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Back to the future (The Bookseller)

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Celebrity magazines and nostalgia are leading an annuals revival this Christmas

Annuals are showing a return to form in the Christmas book charts, as adults revisit their youth, and magazine and TV tie-ins attract growing numbers of younger readers.

In 1998, around 1.1 million children's and sports annuals were sold; strong early sales this year indicate that 2005's high of almost 2.2 million annuals sold (Bookscan TCM) could be beaten. Sam Harrison, Waterstone's children's book buyer, says: --"There is no doubt that annuals are making a comeback. I am confident that we will see them getting past the 2.5 million mark this year."

The adult annuals market is being fuelled by a new wave of celebrity magazine spin-offs, as publishers tap into the huge circulation figures enjoyed by market leaders such as Heat and Nuts; and by nostalgia publishing, aimed at adults who grew up with magazines such as Jackie, My Guy and Smash Hits. This year's runaway children's success is The Official Doctor Who Annual (Penguin Character Books), which is at number eight in the Bookseller Top 50, and looks set to topple the traditional bestselling Christmas annual, The Beano.

Of the consumer magazine spin-offs, Heat: The Annual 2007 (Orion) stands out because it contains new content--such as the exclusive Nosey Parker inter views--alongside annual-slanted versions of the magazine's regular features. Jo Carnegie, deputy editor of Heat and editor of the annual, says: "[The annual] is still very "Heat", with fabulous access to celebrities, gossip and great pictures, but it is a slightly madder, more surreal version. I wanted to give people all the elements they love about the magazine, but a totally new experience at the same time."

Another magazine annual with mass appeal is The Big Book of Nuts (Carlton Books), which is targeting the 300,000 men who buy Nuts each week with a round-up of "girls, sports, gadgets and comedy". Nuts publisher IPC has also brought out an annual based on the Celebrity Passions back page of Now, while John Blake has published two annuals drawn from the popular women's weeklies Chat and Pick Me Up. Chat: Greatest Ever True Life Stories is packed with readers' real-life stories on subjects ranging from crime to relationships; Pick Me Up: Tip Offs contains "things you have never thought of that will make your life easier", according to Michelle Signore, editor-in-chief.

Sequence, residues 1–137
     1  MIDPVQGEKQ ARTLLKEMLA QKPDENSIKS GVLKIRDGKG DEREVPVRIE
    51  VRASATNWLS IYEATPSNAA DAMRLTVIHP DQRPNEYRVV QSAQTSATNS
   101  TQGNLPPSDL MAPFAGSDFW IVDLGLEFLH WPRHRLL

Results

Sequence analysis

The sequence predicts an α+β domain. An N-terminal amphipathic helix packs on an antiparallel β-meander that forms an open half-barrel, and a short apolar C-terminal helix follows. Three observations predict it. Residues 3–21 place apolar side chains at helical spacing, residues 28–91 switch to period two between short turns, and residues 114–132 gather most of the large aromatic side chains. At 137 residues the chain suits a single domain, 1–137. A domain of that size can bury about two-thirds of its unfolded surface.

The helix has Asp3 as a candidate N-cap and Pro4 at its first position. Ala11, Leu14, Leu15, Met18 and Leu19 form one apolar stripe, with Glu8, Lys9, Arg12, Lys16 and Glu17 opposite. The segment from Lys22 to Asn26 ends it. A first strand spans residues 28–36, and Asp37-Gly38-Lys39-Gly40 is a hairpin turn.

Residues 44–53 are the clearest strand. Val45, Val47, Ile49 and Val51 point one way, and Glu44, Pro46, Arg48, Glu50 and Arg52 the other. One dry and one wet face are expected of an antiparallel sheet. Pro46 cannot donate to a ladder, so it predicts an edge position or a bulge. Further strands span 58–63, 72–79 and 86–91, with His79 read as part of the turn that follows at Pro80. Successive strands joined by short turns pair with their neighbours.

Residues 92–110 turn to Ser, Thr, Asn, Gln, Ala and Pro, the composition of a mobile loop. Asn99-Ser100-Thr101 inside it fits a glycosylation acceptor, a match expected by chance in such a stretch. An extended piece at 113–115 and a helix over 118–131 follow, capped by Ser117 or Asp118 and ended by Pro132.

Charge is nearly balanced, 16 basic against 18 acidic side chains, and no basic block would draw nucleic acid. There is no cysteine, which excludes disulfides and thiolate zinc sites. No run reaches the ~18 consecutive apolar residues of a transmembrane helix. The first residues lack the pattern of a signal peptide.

Jackie starts the trend

The trend for nostalgia publishing began last October, when Carlton Books released The Best of Jackie. The retro publication was such a hit, owing to the "huge wave of nostalgic affection" felt by 30 and 40-something women for Jackie, that Carlton has this year released The Best of Jackie Annual--a facsimile edition containing features such as an account of a day out with David Essex and quizzes such as Will You Live Happily Ever After? During the heyday of Jackie in the 1970s, the most popular feature was the Cathy and Claire column (which received more than 400 letters per week); more than 50 of these original letters have now been reproduced in Dear Cathy & Claire (Prion).

My Guy magazine is also making a comeback, in the form of The Best of My Guy: Volume I (Robson Books), brought to the publisher via Anova managing editor Frank Hopkinson, who previously edited the teen magazine. My Guy was the pioneer of magazine photo stories, and the annual contains some of the best, featuring Hugh Grant, Tracey Ullman and Lesley Ash before they were famous. Other nostalgia annuals based on now-defunct magazines are The Best of Smash Hits (Little, Brown), The Best of Girl (Prion) and Commando: True Brit (Carlton Books).

On the appeal of nostalgia publishing, Harrison says: "You often see a resurgence of [publishing trends] when a generation reaches a young professional age; cycles come through as generations grow up."

The top-selling annuals so far this year (week ending 17th November) are The Official Doctor Who Annual (Penguin, life sales 129,724), The Beano Annual (D C Thompson, life sales 79,373) and the Match! Annual (Boxtree, life sales 39,715). Honourable mentions go also to the Bratz Annual (Pedigree), Disney's Princess Annual (Egmont) and the Disney Pixar Annual (Egmont).

One title with strong retailer support is the Heat Annual, which features in the W H Smith and Waterstone's Christmas catalogues, and is being well-backed by supermarkets.

Borders is offering three-for-two promotions across its entire range of annuals. Becky Stradwick, children's buyer, says: "Annuals are becoming even more of a part of the Christmas offer. We are stocking pretty much everything--from Scooby Doo to Pokémon and Power Rangers. If somebody wants an annual, we have got it covered."


Top five for children:

Becky Stradwick

Borders children's buyer

1 The Official Dr Who Annual

2 The Beano Annual

3 Thomas & Friends Annual

4 SpongeBob SquarePants Annual

5 Star Wars Annual

Sam Harrison

Waterstone's children's buyer

1 The Official Dr Who Annual

2 The Beano Annual

3 Bratz Annual

4 Match! Annual

5 Thomas & Friends Annual

Top five for adults:

Sian Jones

Waterstone's leisure buyer

1 Heat: The Annual 2007

2 The Private Eye Annual 2006

3 The Best of Jackie Annual

4 The Best of Smash Hits

5 The Best of My Guy: Volume 1

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  • APA 6th ed.: Dennys, Harriet (2006-12-08). Back to the future (The Bookseller). The Bookseller p. 28.
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  • Wikipedia (this article): <ref>{{cite news| title=Back to the future (The Bookseller) | url= | work=The Bookseller | pages=28 | date=2006-12-08 | via=Doctor Who Cuttings Archive | accessdate=17 February 2020 }}</ref>
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